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Break out the bathing suits

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Students prepare for spring break, despite snow and freezing temps

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This is a satirical article and is not meant to be taken seriously. It does not reflect the opinions of The Spectator or UW-Eau Claire.

Students at UW-Eau Claire may be shoveling driveways and scraping ice off their windshields, but that hasn’t stopped them from starting to prepare for spring break.

Out on the campus mall, several students have already been spotted in bathing suits, trying to get a tan before they leave for spring break trips to Florida and Mexico, as well as other warm and sunny locations.

Despite the fact that the campus has received several inches of snow in the past couple days, these students have braved the bad weather in favor of making sure they don’t get sunburnt in two weeks on vacation.

Jane Smith, a junior geology student, was one of the sunbathers spotted out on the mall yesterday.

“I grew up in northern Minnesota, so I’ve never minded the cold weather,” Smith said. “Even the snow here isn’t that bad compared to where I grew up.”

Smith added that she is spending her spring break on a beach in Texas, so she will be out on the campus mall during every free moment she has in the next two weeks.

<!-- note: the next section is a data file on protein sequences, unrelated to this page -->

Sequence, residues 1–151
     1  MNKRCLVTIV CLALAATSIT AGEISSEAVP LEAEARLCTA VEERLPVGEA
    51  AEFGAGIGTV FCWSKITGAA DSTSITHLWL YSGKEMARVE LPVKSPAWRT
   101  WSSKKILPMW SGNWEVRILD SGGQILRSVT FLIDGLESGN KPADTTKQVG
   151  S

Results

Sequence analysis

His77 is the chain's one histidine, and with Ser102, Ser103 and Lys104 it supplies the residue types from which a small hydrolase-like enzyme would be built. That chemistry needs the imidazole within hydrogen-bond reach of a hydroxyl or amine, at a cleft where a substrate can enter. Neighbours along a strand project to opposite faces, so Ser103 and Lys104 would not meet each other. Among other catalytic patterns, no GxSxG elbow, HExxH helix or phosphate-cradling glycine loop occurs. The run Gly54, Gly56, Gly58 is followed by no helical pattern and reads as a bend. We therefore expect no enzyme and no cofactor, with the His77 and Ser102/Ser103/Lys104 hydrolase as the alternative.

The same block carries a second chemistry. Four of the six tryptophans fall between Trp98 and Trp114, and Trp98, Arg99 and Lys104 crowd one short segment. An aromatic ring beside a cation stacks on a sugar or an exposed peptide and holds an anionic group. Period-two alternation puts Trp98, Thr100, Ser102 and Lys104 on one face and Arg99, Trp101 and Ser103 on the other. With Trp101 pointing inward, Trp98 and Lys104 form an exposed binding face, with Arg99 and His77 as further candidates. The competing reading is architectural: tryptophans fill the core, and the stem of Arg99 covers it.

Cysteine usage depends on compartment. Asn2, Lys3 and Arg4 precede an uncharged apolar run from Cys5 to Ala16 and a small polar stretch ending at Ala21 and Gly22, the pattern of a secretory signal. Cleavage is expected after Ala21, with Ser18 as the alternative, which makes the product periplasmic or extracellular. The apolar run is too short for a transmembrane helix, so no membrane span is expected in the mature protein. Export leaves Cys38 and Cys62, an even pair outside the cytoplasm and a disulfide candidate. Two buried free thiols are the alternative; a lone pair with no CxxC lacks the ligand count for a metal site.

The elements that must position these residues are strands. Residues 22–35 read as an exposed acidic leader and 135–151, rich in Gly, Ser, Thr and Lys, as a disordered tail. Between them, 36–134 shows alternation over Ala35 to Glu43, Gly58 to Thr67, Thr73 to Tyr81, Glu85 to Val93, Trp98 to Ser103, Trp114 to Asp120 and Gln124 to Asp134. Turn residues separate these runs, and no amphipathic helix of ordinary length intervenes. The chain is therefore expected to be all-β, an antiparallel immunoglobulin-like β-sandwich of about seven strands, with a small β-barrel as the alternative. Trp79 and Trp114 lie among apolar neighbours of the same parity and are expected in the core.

“Being a redhead, I burn really easily, so if I tan now, I won’t burn in Texas,” Smith said.

While others agree with Smith’s logic, there are a few students that think the weather is inappropriate for so little clothing.

Joe Toocold, a first year fabric design student, thinks students like Smith are “crazy” for being out in the snow in just a swimsuit.

“I come from southern Illinois, where it snows in December and January, but you’d never catch me out there in less than a coat and jeans,” Toocold said. “Swimsuits should be saved for 80 degrees or hotter, not snow.”

Toocold said he thinks getting a tan isn’t worth the freezing cold temperatures, even if it means getting burnt during spring break.

“These people would rather get frostbite instead of just putting on sunscreen later,” Toocold said. “It makes no sense to me.”

Smith said she wears sunscreen every time she tans, and she hasn’t gotten frostbite yet.

“Some students stop to tell me that I shouldn’t be outside in a swimsuit, but I’ve been doing this for the last two years, and nothing bad has happened yet,” Smith said.

She also added that sometimes students will stop to brush away piles of snow that have accumulated on her while she is out tanning.

“I really appreciate that, because it keeps me from getting snowpile-shaped tan lines,” Smith said. “Tan lines are the worst, but ones shaped like a pile of snow are tough to explain.”

Smith and the other sunbathers will continue to tan on campus up until they leave for spring break, regardless of weather.

“We will only consider going inside if it starts hailing,” Smith said. “I can handle a lot of different weather in a bikini, but hail just straight-up hurts.”

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Break out the bathing suits